Equipped with in-depth product knowledge and bottles from all over the world, the consultants of PRP Wine International waltz into homes ready to answer nearly any question a novice oenophile may have. As they pour samples for small groups, they explain everything from the intricacies of flavor profiles and the correct pronunciation of “pinot noir” to the most dramatic way to throw a glass of red at a mortal enemy. After tastings, guests can select any of the wine varietals sampled, all of which are chosen by PRP consultants after thorough scrutiny.
Owners Horacio Oliveria and Jennifer Porciello painstakingly plan every detail of their restaurant's decor, including the frescoes and dramatic arches, and their menu to give guests the impression that they've stumbled into a little corner of Italy. As musicians tap their feet on the hand-cut mosaic floors, servers float from table to table, delivering authentic Italian meals and housemade desserts.
Chefs at La Casa Della Pasta embellish pastas, gnocchi, and desserts made in-house with handfuls of imported Italian ingredients, including eggplant and mozzarella. As owner Enrique Tangari told the Tampa Bay Times in 2011, "I import everything, flour, water, tomatoes, cheeses … to make any kind of pasta dish you want, on the menu or not." His commitment to imported flavor also extends to the restaurant's drink menu, which features wines made from such traditional Italian varietals as pinot grigio, sangiovese, and nebbiolo, as well as beers with suspiciously small amounts of fermented grape juice.
At Juliana’s Orlando, head chef Carl Cherkaoui adds a dash of detail to his Italian cuisine with his thorough mind for sauces, spices, and herbs—a passion he developed while studying the culinary arts in Morocco, France, and Germany. His globally informed flavors grace house specialties such as the crabmeat-crusted grouper fillet and the pan-roasted pork loin in a balsamic glaze. And in the eatery’s main dining room, he and his waitstaff encourage diners to sip Italian and Californian wines amid the glow of a fireplace that someday hopes to be promoted to oven.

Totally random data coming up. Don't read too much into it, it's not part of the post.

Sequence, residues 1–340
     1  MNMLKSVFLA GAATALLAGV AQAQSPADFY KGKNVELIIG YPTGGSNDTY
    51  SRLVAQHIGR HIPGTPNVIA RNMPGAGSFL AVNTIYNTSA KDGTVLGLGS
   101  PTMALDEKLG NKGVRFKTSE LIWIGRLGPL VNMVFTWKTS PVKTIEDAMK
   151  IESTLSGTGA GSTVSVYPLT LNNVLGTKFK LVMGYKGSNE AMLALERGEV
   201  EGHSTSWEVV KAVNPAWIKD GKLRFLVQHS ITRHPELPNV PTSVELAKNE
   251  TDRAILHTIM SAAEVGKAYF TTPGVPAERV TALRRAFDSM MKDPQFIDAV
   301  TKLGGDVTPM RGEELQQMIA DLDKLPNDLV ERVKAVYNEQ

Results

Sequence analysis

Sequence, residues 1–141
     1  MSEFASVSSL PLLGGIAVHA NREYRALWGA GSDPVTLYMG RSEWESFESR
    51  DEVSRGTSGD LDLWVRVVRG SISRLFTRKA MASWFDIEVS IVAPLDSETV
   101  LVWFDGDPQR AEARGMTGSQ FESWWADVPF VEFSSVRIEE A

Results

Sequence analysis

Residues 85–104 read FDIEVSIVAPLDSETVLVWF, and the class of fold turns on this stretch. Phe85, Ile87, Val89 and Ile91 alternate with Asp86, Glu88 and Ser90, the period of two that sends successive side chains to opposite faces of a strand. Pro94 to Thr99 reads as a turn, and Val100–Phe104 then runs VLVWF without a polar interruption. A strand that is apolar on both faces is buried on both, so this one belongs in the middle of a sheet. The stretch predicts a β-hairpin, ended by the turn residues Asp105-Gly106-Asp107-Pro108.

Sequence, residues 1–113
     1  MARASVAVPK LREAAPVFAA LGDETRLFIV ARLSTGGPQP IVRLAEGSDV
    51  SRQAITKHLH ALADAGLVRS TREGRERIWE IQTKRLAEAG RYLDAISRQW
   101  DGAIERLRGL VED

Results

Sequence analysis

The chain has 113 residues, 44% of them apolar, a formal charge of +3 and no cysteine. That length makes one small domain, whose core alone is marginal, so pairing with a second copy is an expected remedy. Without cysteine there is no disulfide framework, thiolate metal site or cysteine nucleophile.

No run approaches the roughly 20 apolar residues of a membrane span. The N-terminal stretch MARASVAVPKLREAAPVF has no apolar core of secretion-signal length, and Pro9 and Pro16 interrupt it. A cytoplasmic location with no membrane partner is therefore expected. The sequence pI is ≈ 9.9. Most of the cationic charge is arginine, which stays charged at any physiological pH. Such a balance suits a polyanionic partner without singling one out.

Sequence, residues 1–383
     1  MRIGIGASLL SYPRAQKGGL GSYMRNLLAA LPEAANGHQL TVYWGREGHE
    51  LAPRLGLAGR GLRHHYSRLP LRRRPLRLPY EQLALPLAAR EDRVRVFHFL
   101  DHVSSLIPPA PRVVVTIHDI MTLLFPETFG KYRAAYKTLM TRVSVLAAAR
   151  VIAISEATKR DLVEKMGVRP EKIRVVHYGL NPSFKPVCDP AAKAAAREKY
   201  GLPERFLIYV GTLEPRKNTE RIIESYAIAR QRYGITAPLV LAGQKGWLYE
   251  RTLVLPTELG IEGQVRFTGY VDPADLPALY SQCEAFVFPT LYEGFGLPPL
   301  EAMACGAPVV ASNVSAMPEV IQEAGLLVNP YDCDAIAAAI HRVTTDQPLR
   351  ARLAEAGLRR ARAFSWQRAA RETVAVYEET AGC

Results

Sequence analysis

Pizza and limoncello served alongside sushi and sake. Some might say it's an unusual collision of cuisines under one roof, but at Rice & Dough, Goran and Amy Perovic don't quite see it that way. "We consider ourselves an American restaurant featuring two favorite kinds of American food," Goran told SouthFlorida.com, explaining that today, both sushi and Italian food fall under the ever-growing umbrella of American cuisine.
No matter what you call it, Rice & Dough has made quite the impression since its 2012 opening, attracting the attention of the Miami Herald's Rochelle Koff, the Broward Palm Beach New Times's Tricia Woolfenden, and Examiner.com's Drew Berliner. Having something for everyone is likely part of its success; patrons in the mood for sushi can enjoy a collection of maki, including a Z Fantasy roll packed with shrimp tempura, eel, and avocado, prepared in plain sight by a skilled chef at the sushi bar. Italian-food lovers, meanwhile, can slice up and share a margherita pie or one of the other dozen pizzas handmade by Goran in the open kitchen. Other Italian offerings include platefuls of housemade lasagna and lunchtime paninis. Because he's a former sommelier, it shouldn't come as a surprise that Goran has also compiled an extensive wine list for his guests, featuring reds, whites, and plenty of sake.
Over his past 27 years in the culinary trade, The Wine Dive’s Chef Curtis has stayed true to his personal motto: “Never trust a skinny chef.” You can trust that he knows what he’s talking about, having manned the grills at a five-diamond resort and earned numerous awards for his efforts in more than 20 culinary competitions that span the globe. Chef Curtis brings his experience and insatiable appetite for world-inspired cuisine to The Wine Dive, where he crafts a menu of American-style tapas, artisan cheeses, and flatbreads to pair with more than 60 wines available by the glass. His ever-changing vision results in a procession of small plates that draw on a roster of rotating ingredients such as Angus beef, roasted duck, and black truffles. Not to be outdone by their kitchen counterparts, bartenders dispense two-ounce samples of wine from their glass-cased Enomatic machine, allowing guests a taste before they order a full glass. In the intimate dining room, wine-glass chandeliers cast light on exposed-brick walls and paintings while musicians take the stage on Friday nights to croon songs of lament to their empty plates of brie.